Baryon Acoustic Oscillations provide a standard ruler for measuring distances far back into the history of the Universe. The Galaxy-Galaxy two-point correlation function (2PCF) is the standard proxy for the measurement of the BAO scale using large-scale spectroscopic surveys. There is, however, information beyond the two-point statistics encoded in the galaxy distribution that can be extracted in order to improve the BAO scale measurement. One approach is to make use of the distribution of Cosmic Voids, broadly defined as minima in the matter density field. Previous studies shown that it does yield an improvement for BOSS low-z data (Zhao et al. 2020). Our aim is to improve upon this method by defining the Cosmic Void clustering sample in a galaxy density-independent way, which is useful when analyzing matter tracers with different observed densities.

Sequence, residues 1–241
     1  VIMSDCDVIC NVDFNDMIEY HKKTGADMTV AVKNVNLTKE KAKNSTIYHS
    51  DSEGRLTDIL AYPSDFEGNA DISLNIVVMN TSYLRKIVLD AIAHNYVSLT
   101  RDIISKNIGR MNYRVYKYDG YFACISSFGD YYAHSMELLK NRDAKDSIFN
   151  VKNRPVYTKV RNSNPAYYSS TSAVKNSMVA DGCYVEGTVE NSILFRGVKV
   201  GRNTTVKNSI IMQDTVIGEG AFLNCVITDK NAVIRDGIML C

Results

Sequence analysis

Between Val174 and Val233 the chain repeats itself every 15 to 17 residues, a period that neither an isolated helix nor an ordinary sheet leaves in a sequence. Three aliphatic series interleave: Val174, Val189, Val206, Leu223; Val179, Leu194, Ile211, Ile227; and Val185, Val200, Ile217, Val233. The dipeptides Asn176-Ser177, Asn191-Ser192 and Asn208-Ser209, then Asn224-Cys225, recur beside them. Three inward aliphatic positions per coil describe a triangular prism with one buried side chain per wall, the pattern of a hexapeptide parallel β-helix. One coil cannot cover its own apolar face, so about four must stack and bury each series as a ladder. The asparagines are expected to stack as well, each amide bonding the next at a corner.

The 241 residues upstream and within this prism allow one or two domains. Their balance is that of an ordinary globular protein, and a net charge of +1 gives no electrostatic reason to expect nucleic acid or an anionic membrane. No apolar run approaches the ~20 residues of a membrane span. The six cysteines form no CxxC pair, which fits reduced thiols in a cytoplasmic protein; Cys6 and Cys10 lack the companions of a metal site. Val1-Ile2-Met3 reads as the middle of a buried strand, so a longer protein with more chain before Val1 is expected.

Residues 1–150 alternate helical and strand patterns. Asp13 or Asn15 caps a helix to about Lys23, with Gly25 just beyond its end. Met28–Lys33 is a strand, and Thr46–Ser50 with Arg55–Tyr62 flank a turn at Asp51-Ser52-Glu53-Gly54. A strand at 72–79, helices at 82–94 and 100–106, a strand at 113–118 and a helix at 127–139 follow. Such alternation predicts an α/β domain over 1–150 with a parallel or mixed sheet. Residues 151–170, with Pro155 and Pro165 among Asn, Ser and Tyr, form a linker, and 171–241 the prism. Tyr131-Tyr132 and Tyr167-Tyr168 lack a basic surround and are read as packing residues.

We define a generalized void radius cut based on the local matter tracer density that maximizes the BAO peak signal-to-noise ratio by construction and minimizes systematical effects due to galaxy incompleteness. We apply this cut to simulations and BOSS DR12 data. However, BAO fitting results seem roughly equivalent to those using the constant (galaxy density-dependent) radius cut on the BOSS DR12 data. This approach can, however, be extended to other matter tracers (ELGs, QSOs) used in current redshift surveys such as the recent eBOSS data release or the up-coming DESI survey.